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Coverage: Saturn stage satellite sighted

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Paint sheds light on object's identity

September 18, 2002 — Astronomers at the Lunar and Planetary Laboratory at the University of Arizona say they have the first direct evidence that object J002E3 is a spent stage from one of the Apollo Saturn V launches.

Carl Hergenrother and Robert Whiteley used the Steward Observatory in the Santa Catalina Mountains to measure reflected light from J002E3. Their findings revealed the object spins once every 63.5 seconds or once every 127 seconds - more observations are needed to pin down the exact time.

"Such a rapid rate of rotation is not unheard of either for an asteroid or a piece of man-made space junk, but is very consistent with each," said Hergenrother.

Hergenrother and Whiteley then applied filters to sample the spectra, or colors, that J002E3 reflects.

"Rather than looking like a known asteroid, the colors were consistent with the spectral properties of an object covered with white titanium oxide paint," Hergenrother said. "The Apollo Saturn S-IVB upper stages were painted with TiO paint," he noted.

Observations conducted at the Massachusetts Institute of Technology (MIT) further confirmed the UA astronomers research. Infrared spectra "confirm that J002E3 is a dead ringer for white TiO paint," Hergenrother added.

As a result, the UA astronomers concluded that object J002E3 is most likely a S-IVB stage from either Apollo 8, 10, 11, or 12, with Apollo 12 being most likely.



Newfound satellite may be Saturn stage
by Paul Chodas, NASA/JPL Near-Earth Object Program


September 12, 2002 — An analysis of the orbital motion of the newly discovered object J002E3 indicates that it could be a leftover Saturn V third stage from one of the Apollo missions, most likely the Apollo 12 mission, launched on November 14, 1969.

The new object was discovered on September 3 by Bill Yeung, who noted that it was moving quite rapidly. Initial orbit computations by the Minor Planet Center indicated that the object was only about twice as far away as the Moon, and was actually in orbit about our planet. This fact, combined with the rather faint intrinsic magnitude, immediately led astronomers to suspect that the object is actually a spacecraft or rocket body, not an asteroid. But the object could not be associated with any recent launch.

J002E3 is currently observable at magnitude 16.5; it is easily detectable in asteroid surveys, and even bright enough to be seen by many amateur astronomers. If it is a leftover piece from an old launch, why was it not discovered until last week? A backwards analysis of the orbital motion provides the answer: the object was apparently captured by the Earth from heliocentric orbit in April of this year.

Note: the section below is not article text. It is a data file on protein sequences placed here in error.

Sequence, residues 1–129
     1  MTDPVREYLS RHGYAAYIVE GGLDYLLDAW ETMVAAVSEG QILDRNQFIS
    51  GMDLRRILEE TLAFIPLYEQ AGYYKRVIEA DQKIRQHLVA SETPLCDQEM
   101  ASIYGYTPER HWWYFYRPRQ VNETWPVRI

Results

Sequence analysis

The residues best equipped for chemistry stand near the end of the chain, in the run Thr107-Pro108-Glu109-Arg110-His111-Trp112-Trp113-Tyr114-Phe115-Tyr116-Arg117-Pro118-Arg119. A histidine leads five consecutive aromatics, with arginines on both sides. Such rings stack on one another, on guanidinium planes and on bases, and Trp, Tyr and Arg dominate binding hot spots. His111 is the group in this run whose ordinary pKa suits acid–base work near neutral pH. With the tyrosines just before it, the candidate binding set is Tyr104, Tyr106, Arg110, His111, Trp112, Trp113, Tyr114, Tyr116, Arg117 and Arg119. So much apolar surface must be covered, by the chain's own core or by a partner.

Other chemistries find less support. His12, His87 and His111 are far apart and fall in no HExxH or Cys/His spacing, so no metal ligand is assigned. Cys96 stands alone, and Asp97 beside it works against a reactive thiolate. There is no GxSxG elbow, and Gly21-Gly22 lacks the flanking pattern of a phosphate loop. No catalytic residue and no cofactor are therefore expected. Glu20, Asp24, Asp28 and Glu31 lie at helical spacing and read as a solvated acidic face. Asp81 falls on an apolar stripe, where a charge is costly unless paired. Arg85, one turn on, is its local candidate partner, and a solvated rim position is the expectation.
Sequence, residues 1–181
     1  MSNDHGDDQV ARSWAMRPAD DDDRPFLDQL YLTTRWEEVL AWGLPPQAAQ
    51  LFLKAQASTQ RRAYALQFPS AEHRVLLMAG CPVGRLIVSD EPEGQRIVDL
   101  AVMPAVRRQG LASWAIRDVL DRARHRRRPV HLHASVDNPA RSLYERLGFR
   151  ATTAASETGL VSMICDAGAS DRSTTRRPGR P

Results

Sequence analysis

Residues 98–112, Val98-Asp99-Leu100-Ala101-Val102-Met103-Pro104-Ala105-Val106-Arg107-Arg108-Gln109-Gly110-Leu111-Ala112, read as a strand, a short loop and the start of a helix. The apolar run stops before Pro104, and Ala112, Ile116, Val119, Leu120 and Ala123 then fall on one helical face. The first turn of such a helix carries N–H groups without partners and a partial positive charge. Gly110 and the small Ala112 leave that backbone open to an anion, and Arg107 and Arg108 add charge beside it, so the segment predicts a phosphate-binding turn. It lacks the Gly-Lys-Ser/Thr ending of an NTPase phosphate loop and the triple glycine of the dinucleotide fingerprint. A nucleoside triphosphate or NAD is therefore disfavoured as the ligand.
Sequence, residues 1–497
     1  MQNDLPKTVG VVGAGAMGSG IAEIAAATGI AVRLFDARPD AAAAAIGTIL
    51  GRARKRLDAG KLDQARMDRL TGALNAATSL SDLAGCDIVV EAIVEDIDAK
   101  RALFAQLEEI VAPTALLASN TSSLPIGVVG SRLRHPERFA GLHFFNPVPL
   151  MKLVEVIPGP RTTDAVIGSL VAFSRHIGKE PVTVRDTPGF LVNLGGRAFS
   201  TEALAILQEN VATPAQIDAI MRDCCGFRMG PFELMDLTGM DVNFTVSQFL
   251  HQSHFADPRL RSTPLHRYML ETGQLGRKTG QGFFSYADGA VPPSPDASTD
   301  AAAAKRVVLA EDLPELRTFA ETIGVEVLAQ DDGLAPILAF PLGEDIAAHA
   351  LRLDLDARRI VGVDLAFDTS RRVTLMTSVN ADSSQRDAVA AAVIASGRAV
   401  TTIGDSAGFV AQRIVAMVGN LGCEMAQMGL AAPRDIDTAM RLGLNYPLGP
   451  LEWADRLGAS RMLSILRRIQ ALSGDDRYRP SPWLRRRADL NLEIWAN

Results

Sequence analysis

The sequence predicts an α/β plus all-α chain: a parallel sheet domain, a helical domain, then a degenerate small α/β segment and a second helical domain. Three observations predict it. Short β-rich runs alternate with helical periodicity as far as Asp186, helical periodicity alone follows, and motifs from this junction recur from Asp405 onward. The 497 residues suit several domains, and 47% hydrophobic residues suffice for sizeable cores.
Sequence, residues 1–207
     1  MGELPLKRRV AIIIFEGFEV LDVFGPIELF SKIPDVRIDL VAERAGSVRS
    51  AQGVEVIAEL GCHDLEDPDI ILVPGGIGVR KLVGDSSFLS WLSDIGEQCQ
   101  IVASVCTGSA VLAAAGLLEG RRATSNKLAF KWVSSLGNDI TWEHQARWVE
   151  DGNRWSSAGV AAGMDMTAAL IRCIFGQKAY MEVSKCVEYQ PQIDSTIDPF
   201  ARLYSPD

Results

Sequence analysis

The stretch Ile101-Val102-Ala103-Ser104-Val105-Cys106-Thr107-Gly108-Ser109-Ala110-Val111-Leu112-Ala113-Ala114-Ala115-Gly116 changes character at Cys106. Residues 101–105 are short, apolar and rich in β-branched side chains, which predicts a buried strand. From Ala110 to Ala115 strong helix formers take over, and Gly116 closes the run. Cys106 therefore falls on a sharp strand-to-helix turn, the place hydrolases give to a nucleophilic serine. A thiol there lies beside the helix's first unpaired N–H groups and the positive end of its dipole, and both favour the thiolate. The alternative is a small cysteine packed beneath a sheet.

The capture occurred when the object passed near the Earth's L1 Lagrange point, a location where the gravity of the Earth and Sun approximately cancel. This point serves as "portal" between the regions of space controlled by the Earth and Sun. J002E3 is the first known case of an object being captured by the Earth, although Jupiter has been known to capture comets via the same mechanism. (For example, Comet Shoemaker-Levy 9, which collided with Jupiter in 1994, had been captured by Jupiter decades earlier.)

Analysis of J002E3's pre-capture orbit about the Sun shows that the object was always inside the Earth's orbit, and that it may have come within the Earth's vicinity in the early 1970s or late 1960s. Many of the test cases in our analysis in fact passed through the L1 portal, back into Earth orbit (going backwards in time) during the early 1970s.

In other words, this object was very likely orbiting the Earth during this period before escaping into the heliocentric orbit from which it was captured in 2002. It seems quite likely that this object is one of the Apollo Saturn S-IVB third stages which flew by the Moon during this era (Apollos 8 through 12). The brightness of J002E3 seems to match the expected brightness of an S-IVB stage.

Further circumstantial evidence suggests that this object is in fact the Apollo 12 stage, which was left in a very distant Earth orbit after it passed by the Moon on November 18, 1969. This spent rocket body was last seen in an Earth orbit with a period of 43 days, not much different from J002E3's current orbit.

The future motion of J002E3 is also very interesting. A similar orbital analysis which takes into account the current orbit uncertainties shows that the object has a surprisingly large 20 percent chance of impacting the Moon in 2003. Such a lunar impact would not be unprecedented: NASA intentionally impacted five Apollo S-IVB stages on the Moon from 1970 through 1972 (Apollos 13 through 17), as an experiment to study the interior structure of the Moon.

Looking further into the future is problematic, due to the chaotic nature of J002E3's orbit, but our current analysis shows the object to have about a 3 percent chance of impacting the Earth within the next 10 years. This should not be of concern to the public. Apollo stages have impacted the Earth before, in the 1960s, and the larger Skylab re-entered in the 1970s. (The even larger Mir Space Station was intentionally impacted into the Pacific Ocean in 2001.)

Additional positional observations of this object are being received daily, and our knowledge and modeling of its orbit continues to improve. The collision probabilities mentioned above will change as we are able to make more precise predictions.

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